“‘It is sometimes hard to believe,’ Chris Mayer tells us, ‘but the impact of China on the world economy could still be much greater as the economy liberalizes further and as it gets larger. Right now, China has a lot of money. And where it ultimately invests that money could have a major effect on market prices.'”
“‘Personally,’ Christopher Hancock chimed in, ‘I’m amazed this didn’t make the front page of the Financial Times. This is probably the most important financial development in China since the entry into the WTO in 2001.
“‘This is great news for the Hong Kong market, especially Chinese companies that don’t have either a Shanghai or Shenzhen listing. This also gives Chinese citizens a way to access foreign exchange markets by investing in companies listed in Hong Kong that derive a majority of their profits in other currencies.’
“The Hang Seng Index in Hong Kong jumped 6% on the news — the biggest gain in eight years. The Hang Seng China Enterprises Index, which tracks mainland Chinese companies traded in Hong Kong, soared nearly 9%.”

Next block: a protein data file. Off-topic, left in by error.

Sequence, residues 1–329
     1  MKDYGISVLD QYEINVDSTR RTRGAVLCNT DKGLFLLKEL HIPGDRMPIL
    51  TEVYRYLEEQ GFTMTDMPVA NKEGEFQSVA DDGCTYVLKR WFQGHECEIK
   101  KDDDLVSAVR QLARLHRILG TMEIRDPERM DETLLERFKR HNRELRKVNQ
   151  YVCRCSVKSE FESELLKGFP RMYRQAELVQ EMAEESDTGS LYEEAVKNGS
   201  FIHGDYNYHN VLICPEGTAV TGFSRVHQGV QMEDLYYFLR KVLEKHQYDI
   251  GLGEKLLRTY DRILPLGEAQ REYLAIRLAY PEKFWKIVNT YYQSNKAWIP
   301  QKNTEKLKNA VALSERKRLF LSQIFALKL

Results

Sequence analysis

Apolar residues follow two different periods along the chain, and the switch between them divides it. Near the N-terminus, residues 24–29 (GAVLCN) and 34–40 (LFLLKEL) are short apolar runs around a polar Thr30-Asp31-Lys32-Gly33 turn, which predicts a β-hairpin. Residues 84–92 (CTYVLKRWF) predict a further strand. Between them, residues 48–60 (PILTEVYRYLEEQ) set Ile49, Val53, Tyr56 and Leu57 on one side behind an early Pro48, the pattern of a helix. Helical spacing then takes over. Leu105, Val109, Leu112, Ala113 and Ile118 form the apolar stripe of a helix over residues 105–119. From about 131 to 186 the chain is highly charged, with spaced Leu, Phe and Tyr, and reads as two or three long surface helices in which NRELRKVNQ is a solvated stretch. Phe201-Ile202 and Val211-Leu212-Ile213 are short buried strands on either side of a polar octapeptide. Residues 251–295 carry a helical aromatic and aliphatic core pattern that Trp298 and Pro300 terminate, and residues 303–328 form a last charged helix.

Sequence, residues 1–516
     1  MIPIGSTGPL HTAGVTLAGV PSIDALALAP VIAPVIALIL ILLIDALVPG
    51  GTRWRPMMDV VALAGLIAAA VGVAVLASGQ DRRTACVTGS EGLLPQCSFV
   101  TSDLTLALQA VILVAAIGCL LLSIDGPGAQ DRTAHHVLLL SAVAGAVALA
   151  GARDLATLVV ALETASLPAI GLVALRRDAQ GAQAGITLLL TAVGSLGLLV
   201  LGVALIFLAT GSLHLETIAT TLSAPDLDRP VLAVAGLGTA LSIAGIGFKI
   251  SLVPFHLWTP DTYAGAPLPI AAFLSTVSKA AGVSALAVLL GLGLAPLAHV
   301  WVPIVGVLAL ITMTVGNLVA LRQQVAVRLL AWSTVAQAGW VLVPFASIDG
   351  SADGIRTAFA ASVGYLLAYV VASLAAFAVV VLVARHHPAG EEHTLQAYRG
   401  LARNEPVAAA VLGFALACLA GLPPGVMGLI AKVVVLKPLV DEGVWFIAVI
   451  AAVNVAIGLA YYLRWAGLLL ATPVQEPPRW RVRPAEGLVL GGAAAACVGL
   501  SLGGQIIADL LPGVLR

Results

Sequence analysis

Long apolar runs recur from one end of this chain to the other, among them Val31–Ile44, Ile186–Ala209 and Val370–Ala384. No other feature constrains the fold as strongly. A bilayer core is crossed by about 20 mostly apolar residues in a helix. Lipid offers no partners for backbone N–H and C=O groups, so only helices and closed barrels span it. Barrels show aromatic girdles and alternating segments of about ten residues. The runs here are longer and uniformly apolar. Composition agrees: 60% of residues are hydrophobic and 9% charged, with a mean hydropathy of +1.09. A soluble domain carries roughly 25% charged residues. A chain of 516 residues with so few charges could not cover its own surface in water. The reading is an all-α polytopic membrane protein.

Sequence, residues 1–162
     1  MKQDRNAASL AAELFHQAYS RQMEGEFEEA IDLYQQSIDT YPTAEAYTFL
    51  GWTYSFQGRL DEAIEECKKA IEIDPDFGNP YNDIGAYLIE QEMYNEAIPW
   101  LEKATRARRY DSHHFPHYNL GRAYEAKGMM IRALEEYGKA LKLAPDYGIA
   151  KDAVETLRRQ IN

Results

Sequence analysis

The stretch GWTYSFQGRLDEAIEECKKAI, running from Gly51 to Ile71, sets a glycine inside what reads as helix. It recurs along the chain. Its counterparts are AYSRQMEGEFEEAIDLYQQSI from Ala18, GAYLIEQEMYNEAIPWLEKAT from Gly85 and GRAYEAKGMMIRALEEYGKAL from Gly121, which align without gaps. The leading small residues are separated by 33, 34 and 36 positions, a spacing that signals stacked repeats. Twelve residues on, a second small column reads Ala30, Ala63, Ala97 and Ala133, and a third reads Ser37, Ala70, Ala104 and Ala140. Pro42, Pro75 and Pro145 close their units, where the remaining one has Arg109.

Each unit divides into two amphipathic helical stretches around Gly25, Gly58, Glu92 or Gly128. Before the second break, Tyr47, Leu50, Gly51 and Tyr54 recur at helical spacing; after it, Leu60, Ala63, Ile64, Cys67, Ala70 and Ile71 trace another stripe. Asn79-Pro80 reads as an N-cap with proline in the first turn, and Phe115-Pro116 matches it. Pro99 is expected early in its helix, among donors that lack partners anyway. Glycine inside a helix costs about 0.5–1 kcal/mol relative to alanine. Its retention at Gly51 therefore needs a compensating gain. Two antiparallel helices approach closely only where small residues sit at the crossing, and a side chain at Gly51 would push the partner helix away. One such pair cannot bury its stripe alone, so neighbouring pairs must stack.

For more breaking news, check out what Addison and Ian have been up to at The 5 Min. Forecast
*** Just because something hasn’t happened ever before – doesn’t mean it never will. In echoing Bill’s sentiment in his above piece: people have begun to expect something for nothing…there’s seems to be this sense of ‘entitlement’ pervading our society…but eventually people will realize that there’s no such thing as a free lunch – and even though it’s a total cliché: that if something looks to good to be true, it probably is.
Unfortunately, some people are being forced to learn that the hard way. Take investors in Sentinel Management Group – a money market fund. On Tuesday, Sentinel Management Group froze assets in a $1.5 billion fund, saying too many investors are trying to withdraw their money. “We have never experienced a situation quite like this one,” Sentinel Management said. “Liquidity has dried up all over the Street.”
“What happened is that Sentinel thought that just because it has not seen something yet, it could not happen,” writes Mike “Mish” Shedlock in today’s guest essay.
“This is, in essence, the same thing that happened to the models at Moody’s, Fitch, and the S&P, and various quant models. On Tuesday, Sentinel asked the U.S. Commodity Futures Trading Commission for permissions to halt redemptions. The request was denied.”
Be sure and check out today’s guest essay for more on Sentinel – and some free tips on how to not become a Sentinel victim.
The Daily Reckoning
P.S. By the by, Mish’s Survival Report readers were more than prepared for the “liquidity crunch” and the housing debacle. In fact, they even made some money off of it…